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Keurig's New Coffee Pods Really Are Sustainable — But There's a Catch

The company is rolling out completely plastic-free and compostable pods by 2025. Here's everything you need to know.

<p>Keurig</p>

Keurig

Three decades ago, Keurig proudly stated in a press video, it "disrupted" the coffee industry by releasing its single-use pods. Since then, millions of users have popped in a capsule or two in the morning to jump-start their day. Competitors also quickly followed suit, creating their own one-time-use pod systems, which, yes, have created convenience but have also created more than 570,000 metric tons of waste worldwide. Not all of that trash is from Keurig alone; however, as one analysis showed, the number of K-Cups produced in 2013, lined up end-to-end, would be enough to circle the globe more than 10 times, each one taking up to 500 years to decompose. But now, it appears Keurig may be on the path to righting the ship once again, creating a new kind of coffee pod that promises to be both delicious and actually sustainable. 

On March 13, the company unveiled its "multi-year innovation agenda," which included a redesigned, totally plastic-free pod known as K-Rounds. Each round, the company stated, is created from "expertly roasted coffee beans that are ground, pressed, and wrapped in a proprietary, protective plant-based coating preserving the coffee's flavor and aroma, eliminating the need for plastic or aluminum." The new pods will allow users to still make the hot or cold drink of their choice, including espresso-based drinks and iced coffee. 

"Thirty years ago, Keurig changed the way consumers brewed coffee, with the introduction of the K-Cup pod single-serve coffee system," the company's chairman and CEO Bob Gamgort shared in a statement. "Today, we are applying all our expertise to create a revolutionary new system that will redefine how consumers will brew coffee for decades to come. Our ambitious agenda reflects our commitment to providing variety, quality, value, and sustainability to the 45 million North American coffee consumers who currently use Keurig brewers and the millions of potential new households who will discover the benefits of a perfect cup of coffee prepared effortlessly in their home."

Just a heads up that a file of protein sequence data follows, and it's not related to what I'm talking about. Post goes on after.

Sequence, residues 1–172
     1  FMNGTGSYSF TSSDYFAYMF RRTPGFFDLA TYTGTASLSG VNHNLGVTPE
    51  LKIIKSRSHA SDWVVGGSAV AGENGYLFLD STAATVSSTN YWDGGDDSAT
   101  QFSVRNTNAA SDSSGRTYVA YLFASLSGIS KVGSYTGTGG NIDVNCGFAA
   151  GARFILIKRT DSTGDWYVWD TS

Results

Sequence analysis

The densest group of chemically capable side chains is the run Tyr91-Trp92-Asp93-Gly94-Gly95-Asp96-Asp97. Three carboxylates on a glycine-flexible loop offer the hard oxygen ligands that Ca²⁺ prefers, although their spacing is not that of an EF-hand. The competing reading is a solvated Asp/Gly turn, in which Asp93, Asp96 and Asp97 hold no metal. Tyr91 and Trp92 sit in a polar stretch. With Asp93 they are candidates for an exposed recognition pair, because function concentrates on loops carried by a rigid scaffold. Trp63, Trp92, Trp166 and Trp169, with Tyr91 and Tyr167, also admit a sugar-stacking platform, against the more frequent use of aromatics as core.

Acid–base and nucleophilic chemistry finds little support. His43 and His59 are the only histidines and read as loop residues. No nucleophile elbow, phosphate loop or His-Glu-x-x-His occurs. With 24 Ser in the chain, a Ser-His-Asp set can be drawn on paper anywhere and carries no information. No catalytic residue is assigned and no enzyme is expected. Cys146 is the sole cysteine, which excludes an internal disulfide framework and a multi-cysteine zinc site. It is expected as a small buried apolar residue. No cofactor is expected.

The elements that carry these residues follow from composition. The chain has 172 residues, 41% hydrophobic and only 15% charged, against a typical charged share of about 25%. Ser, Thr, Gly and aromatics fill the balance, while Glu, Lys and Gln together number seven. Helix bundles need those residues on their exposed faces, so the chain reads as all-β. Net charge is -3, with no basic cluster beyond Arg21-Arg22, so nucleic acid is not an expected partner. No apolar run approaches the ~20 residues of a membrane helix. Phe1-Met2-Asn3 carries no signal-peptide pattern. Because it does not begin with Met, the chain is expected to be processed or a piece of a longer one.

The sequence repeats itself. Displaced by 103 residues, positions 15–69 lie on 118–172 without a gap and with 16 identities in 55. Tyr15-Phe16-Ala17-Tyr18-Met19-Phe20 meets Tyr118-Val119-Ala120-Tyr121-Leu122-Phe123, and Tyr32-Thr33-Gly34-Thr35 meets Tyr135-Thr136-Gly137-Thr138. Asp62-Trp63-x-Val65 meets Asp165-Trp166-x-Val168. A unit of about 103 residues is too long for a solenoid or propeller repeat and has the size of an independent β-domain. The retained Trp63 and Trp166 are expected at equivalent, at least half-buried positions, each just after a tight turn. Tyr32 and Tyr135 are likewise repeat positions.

Related: How to Upgrade Your At-Home Coffee Situation

And as the video highlights, these pods aren't just about the company moving into more eco-friendly territory. For Keurig, it appears it really is about making a better cup of coffee as these pods much more closely mimic the brewing style you see at your favorite coffee shop thanks to their compacted design. But here's the catch – you're going to have to buy an entirely new Keurig system in order for the pods to work, as they will not be compatible with older machines. 

The new system, the Keurig Alta brewer, works in much the same way as the current system. You simply take your now fully compostable pod and feed it into the top. Every pod also comes with a "brew style code," allowing the machine to read it and adjust the settings for that specific pod. The Alta brewer will also have the capacity to brew existing K-Cup pods, but that's perhaps the least exciting part about it. CNET, which had the chance to test out the new machine, reported that the rounds are shelf-stable for up to six months, but once opened, they are only counter-stable for 30 days before the quality declines. The pods, Keurig shared with CNET, will also be sold at a premium. (Food & Wine reached out for pricing details and will update this story when we have more information.)

The company stated that the new system will undergo beta testing beginning in 2024, taking in feedback from users to improve it before heading to the mass market. The company is also working to get the “certified compostable" labeling before launch but is still working through the certification system. 

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